When there is one event like this it’s a tragedy, but a second a month later seems to hit me differently, and with greater impact. Tom Schweich was politician, a man in the arena. Honestly, when I think about it, with the scrutiny and the criticism that politicians sign up for, I suppose it’s perhaps surprising that we don’t hear of more stories like Auditor Schweich’s, but Spence was an operative and a staff member; jobs I can relate to. Spence had been through races like this one several times before, which makes it all more unsettling.
Personally, I don’t believe either of these tragedies are singularly the result of a negative ad, or an incorrect religious label, or that Missouri politics is somehow worse than it was 20 years ago. I think these types of tragedies are much more complex than the simple answers we would all like to have and the easy blame we would like to be able to cast.
In the last few weeks, good people have suggested ending negative campaigns and cleaning up politics. To me, anything that limits free speech in campaigns is more likely to do harm than good. In my opinion, the first step is agreeing to look forward, not backward. There is no one in politics completely pure or totally evil – just a profession full of flawed people who would like to do better.
Certainly on this issue, the media is no better than the politicians or the consultants, myself included. I think to have the credibility to move forward, everyone must come to terms with their own part in creating the current climate.
I’ll start with myself. A few months ago I wrote a letter from the publisher. It was about an article in the Columbia Daily Tribune. I felt that I had some good points, but reading it back the rhetoric seems unnecessarily heated. I’ll step up and apologize to Mr. Rudi Keller or any other reader offended by it. In the perspective of tragedies like this, it seems like a very trivial thing to quarrel about. It shouldn’t have taken a tragedy for me to realize that fact.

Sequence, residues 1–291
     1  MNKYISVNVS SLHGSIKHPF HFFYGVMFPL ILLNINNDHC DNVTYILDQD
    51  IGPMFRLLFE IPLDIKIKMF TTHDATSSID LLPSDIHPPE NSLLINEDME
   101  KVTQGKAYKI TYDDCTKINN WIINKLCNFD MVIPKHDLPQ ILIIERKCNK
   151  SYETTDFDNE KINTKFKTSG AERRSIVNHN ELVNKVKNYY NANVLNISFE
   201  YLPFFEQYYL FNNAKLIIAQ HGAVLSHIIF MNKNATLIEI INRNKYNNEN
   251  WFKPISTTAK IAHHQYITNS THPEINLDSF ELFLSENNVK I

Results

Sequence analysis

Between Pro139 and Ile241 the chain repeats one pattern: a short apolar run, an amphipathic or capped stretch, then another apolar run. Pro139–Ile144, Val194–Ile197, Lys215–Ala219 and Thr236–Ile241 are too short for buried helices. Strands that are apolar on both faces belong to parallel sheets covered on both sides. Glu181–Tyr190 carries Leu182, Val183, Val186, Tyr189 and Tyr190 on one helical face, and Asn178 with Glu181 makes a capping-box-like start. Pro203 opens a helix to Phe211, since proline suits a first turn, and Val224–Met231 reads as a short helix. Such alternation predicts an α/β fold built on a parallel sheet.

It seems to me the only real way to improve the public discourse is to self-police. It’s common sense that as long as voters respond to negative campaigns then campaigns will be negative. In the same way that as long as bombastic editorials get more clicks than policy-driven ones, editorials will be bombastic. But how can you chastise someone for going too far on a topic they are passionate about if you do the same yourself?
I wish I were the type of man that Spence felt he could reach out to when he lost hope. I know what it is like to have to reach out for help, and am grateful someone was there for me.
I believe that The Missouri Times is fortunate to have some of the most influential readers in the state, and if that influence was used to promote and elevate people who aspire to better, maybe what’s wrong with Missouri could begin to be fixed.
Personally, I struggle with this tragedy because Spence was a veteran of several bare-knuckle campaigns and I never saw the battles bother him. It doesn’t make sense to me on any level, and I doubt it ever will. I hope people remember Spence for his many positive contributions to the state. I know he will be missed.
I’ve included here a statement that was released by the person who perhaps knew him best, Jeff Layman:
I’m heartbroken over the loss of my longtime friend, Spence Jackson. Our friendship began 25 years ago as fraternity brothers at Missouri State University. Spence was kind, caring and loyal; but most importantly, he was like a brother to me. Spence was a savvy political communicator who was passionate and intense about his politics. I will miss his huge smile, infectious laugh and larger than life personality.
– Jeff Layman, personal friend of Spence Jackson.
Scott Faughn is the publisher of The Missouri Times, The SEMO Times, the Territorial Enterprise and host of This Week in Missouri Politics.
Scott Faughn is the publisher of The Missouri Times, owner of the Clayton Times in Clayton, Mo; SEMO Times in Poplar Bluff, Mo.; and host of the only statewide political television show, This Week in Missouri Politics.